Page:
It is based on a chemical found in cannabis and could end the misery of twice daily drops that are often ineffective.
The condition is triggered by a build-up of pressure that damages cells in the optic nerve. It is the second biggest cause of blindness. The breakthrough could lead to better therapies for other serious eye disorders – including macular degeneration which also destroys sight.
Professor Vikramaditya Yadav, a biomedical engineer at British Columbia University in Canada, said: “Medicated eye drops are commonly used to treat glaucoma – but they’re often poorly absorbed.
“Less than 5 per cent of the drug stays in the eye because most of the drops just roll off the eye.
“Even when the drug is absorbed it may fail to reach the back of the eye where it can start repairing damaged neurons and relieving the pressure that characterises glaucoma.”
To solve these problems his team created a watery gel – or hydrogel. This was then filled with thousands of nanoparticles containing a chemical called CBGA (cannabigerolic acid). It is found in the marijuana plant and has already shown promise in relieving symptoms of glaucoma.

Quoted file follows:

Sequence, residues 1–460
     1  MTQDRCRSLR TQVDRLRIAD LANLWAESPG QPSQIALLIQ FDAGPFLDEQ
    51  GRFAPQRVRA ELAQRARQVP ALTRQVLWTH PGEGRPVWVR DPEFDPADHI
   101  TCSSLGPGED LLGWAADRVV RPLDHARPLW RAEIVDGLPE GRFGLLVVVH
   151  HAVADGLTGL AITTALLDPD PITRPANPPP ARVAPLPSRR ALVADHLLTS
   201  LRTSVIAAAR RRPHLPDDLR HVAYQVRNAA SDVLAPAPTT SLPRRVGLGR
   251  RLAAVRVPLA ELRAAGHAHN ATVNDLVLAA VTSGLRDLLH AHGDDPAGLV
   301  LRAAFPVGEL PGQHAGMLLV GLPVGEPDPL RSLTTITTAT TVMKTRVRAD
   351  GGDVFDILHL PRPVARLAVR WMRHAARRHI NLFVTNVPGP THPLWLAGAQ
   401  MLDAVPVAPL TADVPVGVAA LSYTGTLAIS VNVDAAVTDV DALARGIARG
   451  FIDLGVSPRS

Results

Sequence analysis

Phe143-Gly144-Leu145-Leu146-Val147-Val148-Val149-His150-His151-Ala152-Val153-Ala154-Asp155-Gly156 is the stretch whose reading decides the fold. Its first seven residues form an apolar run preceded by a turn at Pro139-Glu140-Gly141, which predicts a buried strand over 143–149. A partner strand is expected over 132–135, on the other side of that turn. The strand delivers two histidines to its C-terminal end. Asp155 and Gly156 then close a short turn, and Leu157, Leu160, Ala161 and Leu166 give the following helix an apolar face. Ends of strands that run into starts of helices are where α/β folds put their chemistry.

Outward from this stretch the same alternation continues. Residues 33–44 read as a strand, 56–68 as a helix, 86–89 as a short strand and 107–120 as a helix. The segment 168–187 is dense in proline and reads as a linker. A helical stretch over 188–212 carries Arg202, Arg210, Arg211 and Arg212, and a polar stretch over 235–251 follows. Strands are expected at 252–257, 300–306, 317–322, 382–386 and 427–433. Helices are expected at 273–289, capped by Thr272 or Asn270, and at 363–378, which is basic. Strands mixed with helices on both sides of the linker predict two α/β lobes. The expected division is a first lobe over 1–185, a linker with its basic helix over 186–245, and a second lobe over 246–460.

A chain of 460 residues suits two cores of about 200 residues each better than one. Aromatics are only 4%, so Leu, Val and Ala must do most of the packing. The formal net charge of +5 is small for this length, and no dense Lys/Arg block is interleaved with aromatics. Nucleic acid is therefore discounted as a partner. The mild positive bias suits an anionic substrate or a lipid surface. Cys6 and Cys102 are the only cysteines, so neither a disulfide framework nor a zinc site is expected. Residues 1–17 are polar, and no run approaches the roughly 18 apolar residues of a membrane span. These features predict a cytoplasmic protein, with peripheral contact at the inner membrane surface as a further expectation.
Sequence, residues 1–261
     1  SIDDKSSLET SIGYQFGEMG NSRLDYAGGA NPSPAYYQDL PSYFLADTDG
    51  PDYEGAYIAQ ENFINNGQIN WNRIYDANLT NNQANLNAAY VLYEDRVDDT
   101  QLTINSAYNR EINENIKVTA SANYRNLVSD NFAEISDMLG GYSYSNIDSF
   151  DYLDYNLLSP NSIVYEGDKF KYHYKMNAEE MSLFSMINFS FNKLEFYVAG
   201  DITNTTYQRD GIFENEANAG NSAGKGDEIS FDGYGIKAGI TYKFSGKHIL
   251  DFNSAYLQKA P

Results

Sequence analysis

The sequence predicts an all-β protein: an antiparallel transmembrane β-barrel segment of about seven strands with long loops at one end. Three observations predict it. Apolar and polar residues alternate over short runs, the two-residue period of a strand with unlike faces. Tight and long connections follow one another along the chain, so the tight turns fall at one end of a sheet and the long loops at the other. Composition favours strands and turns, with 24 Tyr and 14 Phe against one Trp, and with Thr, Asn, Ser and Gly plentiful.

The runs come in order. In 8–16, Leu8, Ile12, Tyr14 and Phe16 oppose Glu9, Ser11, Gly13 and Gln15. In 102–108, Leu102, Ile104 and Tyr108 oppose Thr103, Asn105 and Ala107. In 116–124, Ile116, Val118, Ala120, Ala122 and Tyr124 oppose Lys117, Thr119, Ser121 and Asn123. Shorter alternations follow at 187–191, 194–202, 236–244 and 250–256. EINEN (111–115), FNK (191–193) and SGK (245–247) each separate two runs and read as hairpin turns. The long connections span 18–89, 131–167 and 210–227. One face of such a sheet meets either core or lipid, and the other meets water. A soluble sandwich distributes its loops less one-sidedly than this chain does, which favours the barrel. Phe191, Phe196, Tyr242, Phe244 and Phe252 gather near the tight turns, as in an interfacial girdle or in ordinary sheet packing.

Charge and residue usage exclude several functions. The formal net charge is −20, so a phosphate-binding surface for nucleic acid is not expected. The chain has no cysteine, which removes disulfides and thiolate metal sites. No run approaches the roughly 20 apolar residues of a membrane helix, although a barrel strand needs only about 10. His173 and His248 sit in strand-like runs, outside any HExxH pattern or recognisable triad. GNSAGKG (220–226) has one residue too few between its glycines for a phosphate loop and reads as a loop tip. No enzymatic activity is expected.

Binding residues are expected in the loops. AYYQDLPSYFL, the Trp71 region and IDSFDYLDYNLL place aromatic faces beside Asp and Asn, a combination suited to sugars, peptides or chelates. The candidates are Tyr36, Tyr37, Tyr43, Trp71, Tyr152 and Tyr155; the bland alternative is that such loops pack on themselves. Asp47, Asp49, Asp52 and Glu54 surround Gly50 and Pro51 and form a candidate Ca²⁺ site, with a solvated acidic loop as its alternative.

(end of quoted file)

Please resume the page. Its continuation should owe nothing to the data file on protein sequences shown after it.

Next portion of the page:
The disorder blights the lives of more than 56,00 people in Scotland. Many more may not know they have the condition.
Current eye drops taken daily or twice daily can lower internal eye pressure to help prevent damage to the optic nerve.
When the researchers applied their drops on donated pig corneas similar to human corneas – they were absorbed quickly and reached the back of the eye.
The team whose gel is described in the journal Drug Delivery & Translational Research is now working to scale up production and develop more anti-glaucoma cannabinoid molecules using genetically engineered microbes. Glaucoma is caused by the death of cells in the retina at the back of the eye.
A spokesperson for sight loss charity RNIB Scotland said any new developments that improve on the treatment are welcome, but urged people to get a regular eye examination – free in Scotland.
He added: “Glaucoma damages the peripheral vision first and up to 40 per cent of your sight may be lost before you notice a difference.
“An eye test is the only way to detect glaucoma in its early stages so it’s vital that everyone does attend for an eye check-up at least every two years.”